Will the Kentucky Health Insurance Exchange Discourage Employers from Offering Group Coverage?


Tracy Mc Manamon

Following the Supreme Court ruling to uphold the Affordable Care Act (ACA), the state of Kentucky has moved ahead to establish its own Health Benefit Exchange. The online Exchange will begin operation on January 1, 2014. Individuals without employer-based coverage will receive generous tax subsidies to buy Kentucky individual health insurance through the Exchange. However, the big question is now is whether these subsidies will discourage employers from offering group coverage.

Significance of the Kentucky Health Benefit Exchange

>> It is expected to be a one-stop online market place where individuals can enroll in qualified health coverage plans

>> Individuals and small businesses can compare health plans at this virtual Exchange and find out if they are eligible for tax credits for private health insurance or programs like Medicaid


>> Eligible individuals can enroll in a health plan that meets their needs through the Exchange

>> Kentuckians will receive subsidies to help pay for insurance that they purchase through the Exchange (not through an employer)

>> Small businesses in Kentucky will be eligible for tax credits to provide health coverage to their employees through the Exchange

>> Starting in 2014, Kentucky firms with 50 or more workers that do not provide group coverage and have at least one-full time employee who receives subsidized health insurance through the Exchange, will have to pay a fee of $2000 per full-time employee. The firm s first 30 workers would be excluded from the fee.

>> Firms with 50 or less than 50 workers will not have to pay any penalties.

>> Small businesses with 25 or fewer full-time workers who earn an average yearly salary of $50,000 or less can get tax benefits of up 35 percent of the cost of premiums. The credit will increase to 50 percent in 2014.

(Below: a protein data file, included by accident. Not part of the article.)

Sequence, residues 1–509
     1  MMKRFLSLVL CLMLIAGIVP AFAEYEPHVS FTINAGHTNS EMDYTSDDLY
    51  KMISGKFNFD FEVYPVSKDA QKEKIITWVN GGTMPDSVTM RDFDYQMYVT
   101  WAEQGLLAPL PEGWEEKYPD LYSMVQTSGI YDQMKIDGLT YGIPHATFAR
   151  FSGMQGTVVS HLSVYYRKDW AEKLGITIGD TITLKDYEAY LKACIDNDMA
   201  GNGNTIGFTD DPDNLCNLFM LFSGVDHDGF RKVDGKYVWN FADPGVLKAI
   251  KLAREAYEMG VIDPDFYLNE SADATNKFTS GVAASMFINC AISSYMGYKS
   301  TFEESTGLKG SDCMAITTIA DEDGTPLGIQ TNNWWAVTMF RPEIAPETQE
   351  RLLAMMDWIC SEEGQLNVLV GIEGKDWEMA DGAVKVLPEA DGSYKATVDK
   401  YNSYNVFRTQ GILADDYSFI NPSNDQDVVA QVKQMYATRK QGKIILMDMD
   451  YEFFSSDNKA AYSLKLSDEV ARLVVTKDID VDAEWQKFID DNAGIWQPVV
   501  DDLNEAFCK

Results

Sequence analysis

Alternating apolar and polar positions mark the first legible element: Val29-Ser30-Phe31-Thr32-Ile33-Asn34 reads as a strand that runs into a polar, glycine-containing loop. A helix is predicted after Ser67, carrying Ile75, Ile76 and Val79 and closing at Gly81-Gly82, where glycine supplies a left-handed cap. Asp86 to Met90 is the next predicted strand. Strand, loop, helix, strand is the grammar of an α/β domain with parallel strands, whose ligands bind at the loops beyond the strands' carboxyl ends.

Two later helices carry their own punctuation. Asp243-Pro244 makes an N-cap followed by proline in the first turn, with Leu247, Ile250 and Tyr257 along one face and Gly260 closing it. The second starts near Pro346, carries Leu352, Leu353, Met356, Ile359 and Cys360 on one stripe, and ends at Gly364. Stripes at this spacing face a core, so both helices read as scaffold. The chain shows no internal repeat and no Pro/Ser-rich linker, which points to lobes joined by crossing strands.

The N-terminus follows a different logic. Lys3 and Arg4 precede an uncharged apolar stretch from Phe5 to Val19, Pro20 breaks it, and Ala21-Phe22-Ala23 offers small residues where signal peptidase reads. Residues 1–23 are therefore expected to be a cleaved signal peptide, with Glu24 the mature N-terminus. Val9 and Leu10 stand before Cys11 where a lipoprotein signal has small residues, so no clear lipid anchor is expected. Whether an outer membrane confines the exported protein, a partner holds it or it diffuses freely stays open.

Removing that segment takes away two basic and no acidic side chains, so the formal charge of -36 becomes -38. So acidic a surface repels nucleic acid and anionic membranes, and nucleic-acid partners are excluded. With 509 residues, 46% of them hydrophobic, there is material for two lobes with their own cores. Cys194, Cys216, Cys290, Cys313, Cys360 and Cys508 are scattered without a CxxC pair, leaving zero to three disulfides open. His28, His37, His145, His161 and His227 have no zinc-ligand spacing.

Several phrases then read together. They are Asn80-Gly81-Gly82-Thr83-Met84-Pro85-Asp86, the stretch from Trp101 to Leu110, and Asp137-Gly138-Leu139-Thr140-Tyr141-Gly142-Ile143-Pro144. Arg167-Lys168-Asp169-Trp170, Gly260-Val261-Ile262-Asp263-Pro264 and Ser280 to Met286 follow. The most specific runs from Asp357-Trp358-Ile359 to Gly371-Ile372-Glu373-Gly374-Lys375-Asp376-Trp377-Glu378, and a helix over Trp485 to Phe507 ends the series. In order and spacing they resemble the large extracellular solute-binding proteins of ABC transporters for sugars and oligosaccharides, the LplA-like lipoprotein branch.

Why Tax Subsides on Kentucky Individual Health Insurance May Affect Group Coverage

Starting in 2014, individuals who do not have employer-based coverage and have a household income that is less than 400% above the federal poverty line, can get tax subsidies to enroll in a Kentucky health plan through the Exchange. For instance, a family of four with $90,000 projected annual income in 2014 could get a government tax subsidy which covers nearly 50% of the overall health insurance premium. Similarly, a single individual with a projected income in 2014 could get a tax credit that covers 75% of the overall premium.

Experts are saying that these generous tax credits on the individual Kentucky health insurance market will encourage both big and small businesses to give up group coverage. Instead, firms will use the health reimbursement arrangement (HRA) to provide their workers with tax-free allowances to purchase private health insurance. As employers with less than 50 employees are not charged any penalty if their employees are eligible for the federal subsidy, they will be among the first to drop group coverage.


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